New wholesaler, stay away from REO's?

8 Replies

Would you guys recommend to stay away from wholesaling REO properties till some experience is to be had? The reason I ask this is that from my understanding is that some banks have nonassignable contracts, thus need to be a bit creative to get this types of deals done. Please correct me if im wrong. Also this type of deals require proof of funds or pre-approval letter from private lender, which confuses me as to who would need to provide this the wholesaler or the buyer of the property? As a new wholesaler and a small network, private lenders would be somewhat hesistant to work with a new wholesaler I would imagine? This is from all of my understanding thus far and could be way off base, but would like help me understand this further.

You are right in saying that most banks would require POF or pre-approval letter with your offer @Pedro Oliva . I put in a offer on an REO and they had me submit a POF letter, so this may be the case with most banks. I do not know this for sure, just assuming this due to me having to do it when I put a offer in. It probably wouldn't be a bad thing to hold off on those properties until you get more experience because the banks will tend to be more anal when dealing with you. You have more flexibility when dealing directly with the owner in my opinion.

If you're writing cash offers on REOs you will need proof of funds.  That means a bank statement with the same name as on the offer.  If you have a pre-approval you can write a financed offer.   If that pre-approval is from a private lender you'll probably have to provide their bank statements, too.

REO contracts are indeed rarely assignable. You can do a double close, but you'll probably need a transactional lender. That increases your costs. Some banks will put in restrictions that prevent you from transferring the property for some period of time.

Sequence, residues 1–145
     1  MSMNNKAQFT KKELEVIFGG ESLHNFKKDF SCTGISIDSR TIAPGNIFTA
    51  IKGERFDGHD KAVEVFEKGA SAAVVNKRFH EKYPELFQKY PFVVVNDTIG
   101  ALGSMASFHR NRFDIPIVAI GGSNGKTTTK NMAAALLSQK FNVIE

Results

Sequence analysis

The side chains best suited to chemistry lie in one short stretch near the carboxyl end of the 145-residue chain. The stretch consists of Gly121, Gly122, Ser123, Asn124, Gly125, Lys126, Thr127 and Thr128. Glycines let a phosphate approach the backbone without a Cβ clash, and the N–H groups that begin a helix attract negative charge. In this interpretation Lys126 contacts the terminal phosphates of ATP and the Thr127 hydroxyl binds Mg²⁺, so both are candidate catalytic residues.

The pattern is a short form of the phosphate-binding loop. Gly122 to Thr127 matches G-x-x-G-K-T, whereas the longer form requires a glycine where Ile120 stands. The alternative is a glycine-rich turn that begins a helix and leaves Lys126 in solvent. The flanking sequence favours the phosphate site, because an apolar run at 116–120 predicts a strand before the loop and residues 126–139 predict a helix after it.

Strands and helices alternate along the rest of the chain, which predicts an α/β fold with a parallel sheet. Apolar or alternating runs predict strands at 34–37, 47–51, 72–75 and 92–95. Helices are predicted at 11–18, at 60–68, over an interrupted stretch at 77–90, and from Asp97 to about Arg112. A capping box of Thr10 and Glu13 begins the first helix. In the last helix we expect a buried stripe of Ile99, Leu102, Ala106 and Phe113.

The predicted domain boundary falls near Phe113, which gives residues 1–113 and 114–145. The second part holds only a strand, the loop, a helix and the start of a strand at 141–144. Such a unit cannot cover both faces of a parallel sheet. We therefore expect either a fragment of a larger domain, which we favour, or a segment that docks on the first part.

The bigger issue is that banks don't usually come off their listing price by much. So, if you get a slight discount, then add your markup you're back to the price it had on the MLS. Investors who are buying have already seen the property at that price. REOs that have been on the market for months and months may get offers accepted at more significant discounts.

Not saying its impossible to wholesale REOs.  Some folks do make it work.  But better to do your own marketing to find sellers.

You know, there are many, many, many ways to wholesale a property.  It's rarely mentioned here on BP, but one method is to actually buy the thing, and then sell it.  I normally don't wholesale, but all 3 of my wholesale deals were completed this way.

My experience with REOs is very limited, but all of the bank contracts I've seen are not assignable. The banks want to get their REO property under contract with a buyer who can purchase the property and get it off their books, not with a wholesaler who needs to shop it around to get an eventual buyer. If you're making them an offer to get under contract, they'll want to see a lender pre-approval letter of proof of funds from you.

Originally posted by @Bryan L. :

You know, there are many, many, many ways to wholesale a property.  It's rarely mentioned here on BP, but one method is to actually buy the thing, and then sell it.  I normally don't wholesale, but all 3 of my wholesale deals were completed this way.

 The reason this method is rarely mentioned as a wholesale technique is because it is not wholesaling, buying a property for quick resale is flipping.

So are reo properties mainly for buy hold and rehab investors?

Semantics maybe, but I consider it wholesaling. If I buy a house and do nothing to it (no rehab) and then sell it, I consider it wholesaling. Yes, it's a sub-category of flipping - just like buy/rehab/retail is a sub-category of flipping. My point though, is that one always has the option to actually buy a house (whether it be an REO or whatever), and then sell it to someone else for a profit without doing a rehab. If the first buyer doesn't have the cash to do so, there are many ways to come up with the money - lines of credit, loans, partners, etc.

@Pedro Oliva - Wholesalers can provide a valuable service to rehabbers and landlords by finding good deals for them. But, if you were in my market, I would tell you to leave the REOs alone. That's because they are listed on the MLS, and I am a combo investor/Realtor so I already have MLS access. And, after doing this for about 10 years, I can find my own deals on the MLS and can probably get them at better prices than you anyway (especially on REOs).